Swami :: DesiRock
When TJ Rehmi released the track "Who Killed Bhangra" in 1998 I never thought the title would ever be true to form. Of course Bhangra has not died and no one in particular has killed it, but the quality of many recent releases has undoubtedly declined. In the past year, it appears that Bhangra producers are plagued with DJ block, creating repetitive, over sampled, and seemingly uninspired music. At the same time, there are always exceptions to the rule, and one case in particular is found in DJ Swami's most recent original release DesiRock.
Swami's 10 track DesiRock opens up extremely promising with the break meets Bhangra title track of the same name. Featuring MC Sarpanch on the hip-hop/garage MC tip, the masterful vocals of Lambher Hussainpuri and Taz from Stereo Nation, and the production that Swami is known for, it becomes apparently clear why Bobby Friction and Nihal have labeled this track as one "one of the best tunes of the year."
DesiRock leads brilliantly into the second track, and one of my favorites, "Move," where Swami adds a Latin element to his trademark dhol 'n' bass/Bhangra meets breaks sound. Again Swami's skills as a producer are highlighted and he does a brilliant job at placing Master Rakesh and Errol Reid's vocals alongside his beats.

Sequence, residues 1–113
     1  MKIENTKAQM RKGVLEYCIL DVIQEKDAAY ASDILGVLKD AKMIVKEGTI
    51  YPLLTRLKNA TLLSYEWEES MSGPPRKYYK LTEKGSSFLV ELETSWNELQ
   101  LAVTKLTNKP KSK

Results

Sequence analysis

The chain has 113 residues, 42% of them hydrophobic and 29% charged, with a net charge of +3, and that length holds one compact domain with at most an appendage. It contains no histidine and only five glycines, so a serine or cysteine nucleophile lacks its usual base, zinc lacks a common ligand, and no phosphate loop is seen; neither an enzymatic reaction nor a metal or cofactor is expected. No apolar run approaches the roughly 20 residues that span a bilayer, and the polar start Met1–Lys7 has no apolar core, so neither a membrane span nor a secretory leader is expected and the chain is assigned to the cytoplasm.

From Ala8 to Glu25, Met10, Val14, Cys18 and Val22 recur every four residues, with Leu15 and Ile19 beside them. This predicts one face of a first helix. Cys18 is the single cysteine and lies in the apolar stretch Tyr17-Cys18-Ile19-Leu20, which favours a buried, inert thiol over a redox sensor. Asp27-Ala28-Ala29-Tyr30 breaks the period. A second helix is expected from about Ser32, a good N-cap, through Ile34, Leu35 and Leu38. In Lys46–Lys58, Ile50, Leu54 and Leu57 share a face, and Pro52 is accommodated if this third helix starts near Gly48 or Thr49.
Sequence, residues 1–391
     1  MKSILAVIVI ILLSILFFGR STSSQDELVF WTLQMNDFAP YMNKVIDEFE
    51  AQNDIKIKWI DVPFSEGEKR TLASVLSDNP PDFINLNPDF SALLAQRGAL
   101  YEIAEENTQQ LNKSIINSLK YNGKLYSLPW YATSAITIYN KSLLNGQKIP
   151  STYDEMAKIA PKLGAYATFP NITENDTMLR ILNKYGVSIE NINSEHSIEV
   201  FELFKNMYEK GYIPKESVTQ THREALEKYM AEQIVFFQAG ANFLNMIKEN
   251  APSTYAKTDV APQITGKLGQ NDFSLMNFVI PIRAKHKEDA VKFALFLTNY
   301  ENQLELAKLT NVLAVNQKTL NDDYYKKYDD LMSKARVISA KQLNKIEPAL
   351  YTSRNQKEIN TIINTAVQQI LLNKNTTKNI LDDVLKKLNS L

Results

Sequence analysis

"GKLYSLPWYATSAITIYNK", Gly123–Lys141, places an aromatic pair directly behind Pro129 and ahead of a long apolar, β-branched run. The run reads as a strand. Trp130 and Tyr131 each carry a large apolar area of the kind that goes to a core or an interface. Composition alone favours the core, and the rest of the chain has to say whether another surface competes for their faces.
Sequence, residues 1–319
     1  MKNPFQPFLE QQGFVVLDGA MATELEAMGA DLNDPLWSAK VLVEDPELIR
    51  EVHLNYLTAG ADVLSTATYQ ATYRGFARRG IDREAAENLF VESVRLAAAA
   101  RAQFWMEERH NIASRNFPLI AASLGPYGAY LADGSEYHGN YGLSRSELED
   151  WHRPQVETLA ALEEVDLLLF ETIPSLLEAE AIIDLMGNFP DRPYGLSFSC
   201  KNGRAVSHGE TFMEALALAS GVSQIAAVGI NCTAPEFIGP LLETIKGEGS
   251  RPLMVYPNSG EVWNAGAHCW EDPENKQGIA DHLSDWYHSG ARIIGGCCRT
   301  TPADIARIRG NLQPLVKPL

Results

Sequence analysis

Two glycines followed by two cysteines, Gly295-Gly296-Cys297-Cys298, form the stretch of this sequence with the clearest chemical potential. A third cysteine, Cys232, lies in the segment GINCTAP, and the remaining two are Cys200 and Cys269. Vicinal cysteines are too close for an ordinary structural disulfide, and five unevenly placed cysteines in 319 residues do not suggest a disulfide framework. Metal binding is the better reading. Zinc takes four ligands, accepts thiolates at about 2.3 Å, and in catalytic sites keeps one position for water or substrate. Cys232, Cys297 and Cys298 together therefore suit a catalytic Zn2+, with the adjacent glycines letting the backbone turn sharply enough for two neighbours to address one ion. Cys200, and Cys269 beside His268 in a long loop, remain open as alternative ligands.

As the album progresses, Swami's production and beat/music selection remains stellar, but the MC'ing declines. On the next few tracks, "Challa II," "Don't Hold Back," "Hooked and Addicted," the clean Punjabi vocals are drowned out by relevant, but poorly delivered lyrics. This trend continues for much of the album; great production, nicely delivered and placed Punjabi vocals, but MC'ing that at times conveys simply as shouting that rhymes.
DesiRock, despite the less-than-great Mc'ing, is an innovative album, with good production. Swami's Bhangra meets Asian Undeground production style is exciting and, for the most part, pleasant to the ears. Is Dhol "n" Bass Swami-style the new sound of the Asian Underground? I cannot really say, but it definitely is a new and needed twist on two genres that need a nice kick in the pants.